Paris, February 5, 2024 – In a decisive but sparsely attended referendum, Parisians voted to impose substantial parking fees on SUVs weighing 1.6 tonnes or more, a move applauded by Mayor Anne Hidalgo as a “clear choice” for the environment. 

The measure, set to take effect on September 1, will charge €18 per hour for parking in the city centre and €12 further out.

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Despite the resounding 54.55 per cent approval from those who voted, the voter turnout was disappointingly low, with only 5.7 per cent of the 1.3 million eligible voters casting their ballots at the 39 voting stations scattered across the French capital. 

Hidalgo, a member of the Parti Socialiste, hailed the decision as “good for our health and good for the planet.”

The referendum, perceived by some as a significant step towards environmental sustainability, has its critics. 

Jeannine, a 75-year-old resident of the wealthier 8th district, expressed frustration, stating, “I’m sick of all these diktats from Mrs. Hidalgo.” 

The dissenting voices, particularly from areas where SUVs are more prevalent, highlight potential challenges in accepting such measures.

The new parking charges are part of Hidalgo’s efforts to reshape the urban landscape and reduce harmful transport emissions. 

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Over the years, Paris has witnessed the pedestrianization of numerous streets, the establishment of cycle lanes, and a targeted approach towards SUVs.

However, not all SUVs will be subject to the surcharge. Fully electric cars weighing over two tonnes will be exempt, and specific groups, including Paris residents, taxi drivers, health workers, tradespeople, and individuals with disabilities, will also escape the additional fees.

Gregoire Marchal, a 43-year-old cinema distributor who voted in favour of the measure, emphasized the ecological and societal aspects of the decision.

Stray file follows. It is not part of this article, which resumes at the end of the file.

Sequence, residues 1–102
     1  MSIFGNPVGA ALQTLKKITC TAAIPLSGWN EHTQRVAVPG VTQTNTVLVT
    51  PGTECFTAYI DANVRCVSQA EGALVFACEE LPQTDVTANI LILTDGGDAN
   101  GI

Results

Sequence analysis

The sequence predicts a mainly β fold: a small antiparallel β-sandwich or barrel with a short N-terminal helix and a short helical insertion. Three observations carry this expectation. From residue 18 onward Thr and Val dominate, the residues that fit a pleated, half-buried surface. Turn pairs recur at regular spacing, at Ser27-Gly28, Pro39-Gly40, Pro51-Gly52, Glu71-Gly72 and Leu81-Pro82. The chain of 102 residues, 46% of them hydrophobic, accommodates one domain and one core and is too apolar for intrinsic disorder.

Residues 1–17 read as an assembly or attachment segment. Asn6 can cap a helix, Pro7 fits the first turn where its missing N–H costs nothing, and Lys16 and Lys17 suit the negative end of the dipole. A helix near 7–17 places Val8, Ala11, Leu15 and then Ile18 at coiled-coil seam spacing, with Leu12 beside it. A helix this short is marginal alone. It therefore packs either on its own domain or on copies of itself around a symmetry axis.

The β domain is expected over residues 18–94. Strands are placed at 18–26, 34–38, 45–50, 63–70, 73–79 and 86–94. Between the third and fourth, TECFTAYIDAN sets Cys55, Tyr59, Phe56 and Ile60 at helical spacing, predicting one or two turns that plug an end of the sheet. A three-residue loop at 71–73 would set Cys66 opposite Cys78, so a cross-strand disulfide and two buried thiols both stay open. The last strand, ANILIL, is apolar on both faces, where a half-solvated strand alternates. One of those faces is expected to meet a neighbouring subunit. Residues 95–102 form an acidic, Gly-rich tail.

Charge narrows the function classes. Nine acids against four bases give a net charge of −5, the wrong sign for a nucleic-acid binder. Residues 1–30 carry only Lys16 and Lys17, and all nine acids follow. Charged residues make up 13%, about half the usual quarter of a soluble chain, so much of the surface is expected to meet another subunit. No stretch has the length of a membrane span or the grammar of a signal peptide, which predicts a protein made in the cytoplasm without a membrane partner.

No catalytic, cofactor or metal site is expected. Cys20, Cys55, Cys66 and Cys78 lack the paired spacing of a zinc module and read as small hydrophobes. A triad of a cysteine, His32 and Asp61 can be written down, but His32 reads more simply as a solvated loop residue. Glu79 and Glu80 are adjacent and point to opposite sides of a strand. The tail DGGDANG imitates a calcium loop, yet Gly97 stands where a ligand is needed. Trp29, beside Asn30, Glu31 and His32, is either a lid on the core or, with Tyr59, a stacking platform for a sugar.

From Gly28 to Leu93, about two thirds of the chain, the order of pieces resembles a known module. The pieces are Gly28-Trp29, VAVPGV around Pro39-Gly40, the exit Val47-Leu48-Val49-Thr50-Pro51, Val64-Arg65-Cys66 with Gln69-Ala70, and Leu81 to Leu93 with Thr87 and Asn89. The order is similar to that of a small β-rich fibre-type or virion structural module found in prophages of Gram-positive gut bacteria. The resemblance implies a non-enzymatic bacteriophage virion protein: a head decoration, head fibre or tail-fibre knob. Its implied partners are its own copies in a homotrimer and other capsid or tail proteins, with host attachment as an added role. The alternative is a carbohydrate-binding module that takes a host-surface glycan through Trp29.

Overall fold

“It’s an ecological issue, but it’s also a societal issue, and it’s about how cities need to evolve in a changing environment,” he stated.

Critics argue that the categorization of SUVs is imprecise and unfair. Yves Carra of Mobilite Club France dismissed the “SUV” label as a “marketing term” that “means nothing.” 

Some contend that compact SUVs may not fall under the new regulations, while family-sized coupes and estate cars could be impacted.

France’s Environment Minister, Christophe Béchu, criticized the SUV surcharge as “punitive environmentalism” and urged drivers to “opt for lighter vehicles.” 

Hidalgo’s transport chief, David Belliard, estimated that around 10 per cent of vehicles in Paris would be affected, potentially generating up to €35 million per year.

The impact of Paris’s anti-SUV stance is spreading beyond its borders. The Green party mayor in Lyon plans to implement a three-tier parking fee system for residents and visitors starting in June, drawing inspiration from the French capital’s initiatives.

As Paris gears up to host the 2024 Olympics, its commitment to reducing car use in the centre remains at the forefront of its agenda. 

Whether this latest move will transform behaviour and contribute to a greener, healthier Paris is a question that only time and implementation will answer.

 

This article was created using automation technology and was thoroughly edited and fact-checked by one of our editorial staff members

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